While every country struggles to some measure with the debilitating effects of corruption in the public and private sectors, successful countries don’t tolerate corruption, they fight it. Fighting corruption also means fighting impunity for corruption, irrespective of the social and political status of someone suspected of having committed a crime.

We applaud President Kenyatta’s commitment to tackle corruption in Kenya. In his recent State of the Nation speech, he said, “It remains a hard truth that some of our public services are rife with waste and corruption ... that threatens the productivity we have so painfully begun to build”.

He has appointed a Cabinet Committee to focus in more detail on where corruption can be identified and ended, which demonstrates his intention to change the culture of corruption in the country. As international partners, we welcome the opportunity to support President Kenyatta to achieve the goal of ending corruption in Kenya.

To succeed, Kenya needs a sustained effort to strengthen governance and transparency together with rigorous enforcement of anti-corruption laws.

Past corruption cases should be expeditiously resolved, including recovering assets so they can be re-invested for the purposes for which they were intended. Only a strong commitment coupled with genuine political will at all levels of government, national and county, can put a stop to corruption.

Made progress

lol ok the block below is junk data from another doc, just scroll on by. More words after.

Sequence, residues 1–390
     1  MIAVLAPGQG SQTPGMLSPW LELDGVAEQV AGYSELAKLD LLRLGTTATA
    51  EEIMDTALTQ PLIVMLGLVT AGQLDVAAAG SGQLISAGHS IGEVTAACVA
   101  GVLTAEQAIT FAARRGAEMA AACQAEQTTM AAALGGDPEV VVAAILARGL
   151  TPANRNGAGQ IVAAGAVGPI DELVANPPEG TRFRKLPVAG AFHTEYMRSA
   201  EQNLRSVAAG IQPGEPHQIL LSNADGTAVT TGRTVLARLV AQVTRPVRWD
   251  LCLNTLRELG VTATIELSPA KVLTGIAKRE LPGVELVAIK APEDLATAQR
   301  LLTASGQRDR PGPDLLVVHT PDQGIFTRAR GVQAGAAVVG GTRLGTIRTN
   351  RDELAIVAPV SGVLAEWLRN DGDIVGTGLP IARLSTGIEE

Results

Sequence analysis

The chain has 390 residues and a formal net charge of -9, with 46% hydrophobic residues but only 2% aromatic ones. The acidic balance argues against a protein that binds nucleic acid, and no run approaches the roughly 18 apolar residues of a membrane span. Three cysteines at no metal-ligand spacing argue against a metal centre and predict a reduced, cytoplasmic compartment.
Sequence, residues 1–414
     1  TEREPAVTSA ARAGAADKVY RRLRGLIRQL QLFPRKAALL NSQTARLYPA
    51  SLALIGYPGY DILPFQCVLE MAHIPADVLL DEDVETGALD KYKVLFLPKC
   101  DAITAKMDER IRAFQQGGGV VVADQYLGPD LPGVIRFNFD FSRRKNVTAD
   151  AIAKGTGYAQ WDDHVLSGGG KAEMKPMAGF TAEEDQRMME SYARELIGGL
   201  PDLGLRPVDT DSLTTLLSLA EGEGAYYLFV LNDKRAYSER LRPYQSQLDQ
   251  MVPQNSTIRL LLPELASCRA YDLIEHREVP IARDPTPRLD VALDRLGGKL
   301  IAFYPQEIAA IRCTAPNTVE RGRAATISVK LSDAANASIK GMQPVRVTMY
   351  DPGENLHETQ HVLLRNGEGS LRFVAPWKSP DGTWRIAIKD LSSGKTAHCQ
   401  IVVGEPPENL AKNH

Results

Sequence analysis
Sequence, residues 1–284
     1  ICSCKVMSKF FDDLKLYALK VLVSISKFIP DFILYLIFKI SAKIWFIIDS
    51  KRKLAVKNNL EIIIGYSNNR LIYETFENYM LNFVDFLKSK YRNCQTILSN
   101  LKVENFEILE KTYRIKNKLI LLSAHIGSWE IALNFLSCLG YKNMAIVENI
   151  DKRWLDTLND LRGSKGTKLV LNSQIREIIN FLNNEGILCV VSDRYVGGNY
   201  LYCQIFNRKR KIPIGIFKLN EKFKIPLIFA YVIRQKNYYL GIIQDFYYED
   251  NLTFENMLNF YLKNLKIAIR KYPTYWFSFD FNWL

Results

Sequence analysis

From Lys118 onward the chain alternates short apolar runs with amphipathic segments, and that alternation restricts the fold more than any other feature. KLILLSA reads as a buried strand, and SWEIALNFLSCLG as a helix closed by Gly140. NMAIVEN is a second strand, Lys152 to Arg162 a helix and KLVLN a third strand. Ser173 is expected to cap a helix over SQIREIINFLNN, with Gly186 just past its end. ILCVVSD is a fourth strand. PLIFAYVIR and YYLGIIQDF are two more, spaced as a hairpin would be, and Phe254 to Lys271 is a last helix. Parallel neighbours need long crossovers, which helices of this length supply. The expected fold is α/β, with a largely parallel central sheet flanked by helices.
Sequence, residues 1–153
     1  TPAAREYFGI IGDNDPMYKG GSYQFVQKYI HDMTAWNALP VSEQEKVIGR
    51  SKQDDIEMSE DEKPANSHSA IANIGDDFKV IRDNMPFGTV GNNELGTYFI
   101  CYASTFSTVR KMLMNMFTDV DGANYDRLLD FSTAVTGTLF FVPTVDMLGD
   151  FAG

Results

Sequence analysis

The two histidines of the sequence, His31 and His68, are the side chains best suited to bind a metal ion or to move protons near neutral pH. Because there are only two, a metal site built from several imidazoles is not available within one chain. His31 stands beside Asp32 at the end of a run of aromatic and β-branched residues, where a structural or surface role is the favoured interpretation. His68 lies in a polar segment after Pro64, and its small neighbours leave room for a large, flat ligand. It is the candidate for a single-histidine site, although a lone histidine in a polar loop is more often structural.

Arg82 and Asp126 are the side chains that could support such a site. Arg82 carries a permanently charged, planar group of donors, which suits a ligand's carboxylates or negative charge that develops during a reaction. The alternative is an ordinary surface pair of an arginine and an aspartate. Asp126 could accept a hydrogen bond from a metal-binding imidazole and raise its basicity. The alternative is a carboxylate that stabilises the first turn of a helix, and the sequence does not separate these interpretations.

Strong democratic institutions act as a bulwark against corruption. Kenya has made progress since the 2010 enactment of its new constitution in strengthening its judicial system and making government more accountable on the national level. As President Kenyatta has said, “The values [the constitution] enshrines, and which we make our own, spare us the temptations of corruption and despair.”

The 47 counties should also work to establish a fair, transparent, and accountable devolved governance system with strong institutions and checks and balances to prevent corruption from taking root. Doing so will build trust and enable the counties to deliver the improved services envisioned in the constitution.

As partners, we stand ready to continue helping Kenya put in place the systems, processes, and procedures needed to make progress in the fight against corruption. Our experts already work with Kenya in many of the areas where change would be beneficial.